REITs are a type of passive income that entails purchasing stock in firms that possess income-producing assets. These may be acquired on stock exchanges around the world and can help you avoid the hassles of owning and managing a home.

Short-Term Rentals

Short-term rentals provide more flexibility while still providing a reliable source of income. Popular services like Airbnb can help you break into this market, but you can also supplement your earnings by leasing out a spare bedroom or converting a garage into a second apartment. You may lower your overall housing expenditures while understanding more about being a landlord by developing rentable space.

Flipping Houses

Flipping houses is buying a house below market value, making required repairs, and then reselling it for the largest possible profit. Getting the most out of time-consuming procedures necessitates considering important elements such as cost-effective supplies and personnel.

making improvements on a house to increase the property value


This method entails acting as a “middleman” between buyers and sellers. The wholesaler looks for attractive bargains on the marketplace and then gets a buyer willing to pay a slight premium for the property. Consider wholesaling as a type of venture that necessitates strong sales and marketing abilities.

Purchasing and Keeping

This long-term investment plan entails buying and keeping a property for the purpose of selling it at a later date to profit from the appreciation. During the “holding” stage, the property is usually leased to aid with finance.

Identifying Good Rental Properties

Not every property is suitable for every investor. Aside from locating a home that suits your budget, property investment may be something you’re ready to handle on your own for the most part.

Taking the time to know about various sorts of properties might aid you in deciding how to go with the buying process.

Single-Family Properties

The most frequent form of property is a single-family dwelling. It is usually separate from surrounding homes and can be a safe investment during inflationary years.

Multifamily Properties

Duplexes, triplex, condominium groups, or even whole apartment complexes are examples of multi-family buildings with several rentable units. These investments create many revenue sources while adhering to the notion of economies of scale.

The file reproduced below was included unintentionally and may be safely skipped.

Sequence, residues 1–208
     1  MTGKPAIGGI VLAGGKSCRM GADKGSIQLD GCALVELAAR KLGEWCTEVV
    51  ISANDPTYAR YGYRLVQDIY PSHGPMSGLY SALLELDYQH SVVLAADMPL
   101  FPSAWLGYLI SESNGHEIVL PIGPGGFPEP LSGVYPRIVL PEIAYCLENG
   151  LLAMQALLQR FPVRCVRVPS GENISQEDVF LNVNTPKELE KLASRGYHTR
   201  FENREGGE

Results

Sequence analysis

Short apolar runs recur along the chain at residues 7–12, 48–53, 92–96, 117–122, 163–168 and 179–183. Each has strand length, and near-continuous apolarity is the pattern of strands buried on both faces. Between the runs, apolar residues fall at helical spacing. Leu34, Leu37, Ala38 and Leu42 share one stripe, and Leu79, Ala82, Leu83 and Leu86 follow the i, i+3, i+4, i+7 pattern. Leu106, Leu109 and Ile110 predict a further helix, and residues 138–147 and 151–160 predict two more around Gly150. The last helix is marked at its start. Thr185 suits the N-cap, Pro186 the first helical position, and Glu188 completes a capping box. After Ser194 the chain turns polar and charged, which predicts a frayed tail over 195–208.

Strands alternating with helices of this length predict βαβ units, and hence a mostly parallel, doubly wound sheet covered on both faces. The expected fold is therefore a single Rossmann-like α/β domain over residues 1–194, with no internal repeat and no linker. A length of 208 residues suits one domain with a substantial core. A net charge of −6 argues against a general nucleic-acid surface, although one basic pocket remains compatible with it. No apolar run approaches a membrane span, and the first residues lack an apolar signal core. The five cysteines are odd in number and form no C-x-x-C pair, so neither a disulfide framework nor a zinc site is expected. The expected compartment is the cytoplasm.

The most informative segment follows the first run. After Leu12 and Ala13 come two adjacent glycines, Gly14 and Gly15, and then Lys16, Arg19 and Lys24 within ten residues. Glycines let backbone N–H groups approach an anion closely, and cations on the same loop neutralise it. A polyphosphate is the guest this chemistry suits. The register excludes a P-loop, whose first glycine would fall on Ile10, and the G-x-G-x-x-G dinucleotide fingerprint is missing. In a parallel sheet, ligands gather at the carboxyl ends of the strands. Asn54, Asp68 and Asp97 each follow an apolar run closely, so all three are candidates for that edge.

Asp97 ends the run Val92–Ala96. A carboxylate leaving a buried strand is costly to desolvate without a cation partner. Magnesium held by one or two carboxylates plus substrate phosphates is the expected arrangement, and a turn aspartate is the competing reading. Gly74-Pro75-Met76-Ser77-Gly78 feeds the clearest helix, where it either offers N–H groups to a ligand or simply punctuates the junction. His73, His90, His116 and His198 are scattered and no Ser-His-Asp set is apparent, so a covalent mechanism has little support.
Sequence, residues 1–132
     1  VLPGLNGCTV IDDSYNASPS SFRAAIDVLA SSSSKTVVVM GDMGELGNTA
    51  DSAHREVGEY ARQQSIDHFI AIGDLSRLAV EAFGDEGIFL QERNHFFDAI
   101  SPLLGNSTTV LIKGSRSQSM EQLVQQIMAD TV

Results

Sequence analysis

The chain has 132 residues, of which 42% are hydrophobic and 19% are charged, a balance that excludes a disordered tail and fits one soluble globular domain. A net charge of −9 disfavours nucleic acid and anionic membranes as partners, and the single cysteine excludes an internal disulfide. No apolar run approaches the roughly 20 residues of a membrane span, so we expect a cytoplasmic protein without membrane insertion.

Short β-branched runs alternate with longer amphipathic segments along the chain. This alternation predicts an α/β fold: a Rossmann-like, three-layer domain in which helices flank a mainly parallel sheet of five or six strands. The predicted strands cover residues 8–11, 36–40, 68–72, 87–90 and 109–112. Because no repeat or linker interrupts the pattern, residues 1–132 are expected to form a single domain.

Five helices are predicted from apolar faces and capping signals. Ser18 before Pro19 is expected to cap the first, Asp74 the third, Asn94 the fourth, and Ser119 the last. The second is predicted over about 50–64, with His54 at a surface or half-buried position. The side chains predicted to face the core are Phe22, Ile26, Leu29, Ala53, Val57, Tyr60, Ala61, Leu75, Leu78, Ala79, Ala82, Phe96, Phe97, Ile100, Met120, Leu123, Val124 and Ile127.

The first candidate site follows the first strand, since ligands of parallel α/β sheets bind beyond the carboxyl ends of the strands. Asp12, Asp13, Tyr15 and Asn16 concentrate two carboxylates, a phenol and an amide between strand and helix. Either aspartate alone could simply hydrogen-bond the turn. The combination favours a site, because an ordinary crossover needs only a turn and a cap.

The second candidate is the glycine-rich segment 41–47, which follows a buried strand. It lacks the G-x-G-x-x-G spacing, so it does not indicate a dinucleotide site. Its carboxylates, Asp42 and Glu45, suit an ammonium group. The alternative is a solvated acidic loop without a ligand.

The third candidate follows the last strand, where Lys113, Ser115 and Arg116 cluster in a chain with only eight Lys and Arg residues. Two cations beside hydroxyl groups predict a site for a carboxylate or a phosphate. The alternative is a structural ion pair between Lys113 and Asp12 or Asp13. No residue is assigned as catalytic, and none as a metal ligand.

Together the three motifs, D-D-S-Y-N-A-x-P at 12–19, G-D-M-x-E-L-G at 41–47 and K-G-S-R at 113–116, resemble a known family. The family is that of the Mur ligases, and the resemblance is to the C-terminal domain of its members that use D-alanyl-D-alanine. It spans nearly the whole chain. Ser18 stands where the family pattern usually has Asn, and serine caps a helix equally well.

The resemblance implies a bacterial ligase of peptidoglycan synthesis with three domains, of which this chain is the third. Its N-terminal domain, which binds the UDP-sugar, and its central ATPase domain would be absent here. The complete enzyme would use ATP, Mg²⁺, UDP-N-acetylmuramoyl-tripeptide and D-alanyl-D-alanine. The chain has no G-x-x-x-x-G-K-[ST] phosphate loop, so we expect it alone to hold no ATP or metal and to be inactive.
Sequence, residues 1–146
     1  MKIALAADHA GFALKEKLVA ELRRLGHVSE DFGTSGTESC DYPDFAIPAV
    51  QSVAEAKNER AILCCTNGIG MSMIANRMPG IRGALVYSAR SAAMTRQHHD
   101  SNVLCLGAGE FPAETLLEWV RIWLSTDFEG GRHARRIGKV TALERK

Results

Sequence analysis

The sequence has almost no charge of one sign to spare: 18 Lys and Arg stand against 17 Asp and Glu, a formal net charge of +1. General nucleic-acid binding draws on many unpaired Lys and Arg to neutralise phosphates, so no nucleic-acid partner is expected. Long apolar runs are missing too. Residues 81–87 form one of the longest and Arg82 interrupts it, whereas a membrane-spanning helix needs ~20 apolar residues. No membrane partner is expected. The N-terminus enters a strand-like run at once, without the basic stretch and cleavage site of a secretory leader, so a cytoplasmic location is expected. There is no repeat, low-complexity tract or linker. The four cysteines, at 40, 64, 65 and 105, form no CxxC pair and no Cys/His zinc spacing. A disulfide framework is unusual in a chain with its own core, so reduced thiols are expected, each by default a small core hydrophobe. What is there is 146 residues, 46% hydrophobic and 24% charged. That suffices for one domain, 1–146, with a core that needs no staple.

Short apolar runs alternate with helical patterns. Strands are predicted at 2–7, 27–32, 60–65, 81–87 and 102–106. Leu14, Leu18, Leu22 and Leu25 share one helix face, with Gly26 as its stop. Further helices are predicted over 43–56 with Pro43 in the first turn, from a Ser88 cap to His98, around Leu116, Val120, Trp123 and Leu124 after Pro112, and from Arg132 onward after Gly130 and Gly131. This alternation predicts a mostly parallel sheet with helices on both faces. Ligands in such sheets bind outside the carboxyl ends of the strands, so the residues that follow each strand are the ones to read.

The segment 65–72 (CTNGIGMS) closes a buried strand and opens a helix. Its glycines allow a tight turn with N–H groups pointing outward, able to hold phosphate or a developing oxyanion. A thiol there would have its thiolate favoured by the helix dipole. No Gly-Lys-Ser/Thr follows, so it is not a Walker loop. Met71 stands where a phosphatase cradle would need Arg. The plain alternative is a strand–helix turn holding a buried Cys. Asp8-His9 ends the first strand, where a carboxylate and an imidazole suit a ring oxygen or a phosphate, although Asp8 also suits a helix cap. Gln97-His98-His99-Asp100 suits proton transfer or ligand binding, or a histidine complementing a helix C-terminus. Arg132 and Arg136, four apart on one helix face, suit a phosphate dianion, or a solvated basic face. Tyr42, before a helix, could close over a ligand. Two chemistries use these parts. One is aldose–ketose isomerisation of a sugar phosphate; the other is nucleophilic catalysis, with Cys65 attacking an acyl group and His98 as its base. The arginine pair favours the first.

a luxury rental property in the winter

Vacation Homes

Vacation houses are often located in prominent tourist areas and are rented out for short periods of time. It’s also simple to create a listing and get takers on services like Airbnb. Vacation rental investments are getting more and more popular among seasoned investors, so without a doubt, they are worth considering!

Luxury Homes

Luxury apartments are designed for high-end renters and often have cutting-edge equipment, a modern design, and a variety of amenities. Such assets can be profitable, but the barrier to entry is high.

Assessing a Good Rental Property

In evaluating the value of an investment home and achieving a long-term profit, location and statistics play a vital impact. Knowing how to assess a property might be the difference between making a profitable investment and declaring bankruptcy.

Examine the surrounding area.

Neighborhoods are divided into three classes in real estate, with Class A having the lowest turnover rate, Class B being a moderate turnover rate, and Class C having a high turnover rate. A property’s long-term revenue potential is determined by its neighborhood, so consider yourself: Would it be safe? Are any redevelopment projects in the works? What are the occupancy rates in your area?

Look into the demographics.

As a landlord, demographics might have an influence on your income potential. Is the neighborhood, for example, densely populated with students or families? You could have a regular supply of renters if it’s full with students, but you could also have a higher occupancy rate. If the majority of the guests are families, you may wish to consider houses with numerous bedrooms.

Locate the nearby businesses.

A health center or clinic, pharmacist, school, police station, or store can increase the value of a property and make it a more feasible alternative for tenants.

Examine the building.

Examine the inside and exterior for repairs that have to be done right away or in the future. Avoid houses that require significant repairs or entirely rebuilt kitchens or bathrooms unless you’re solely focused on flipping homes.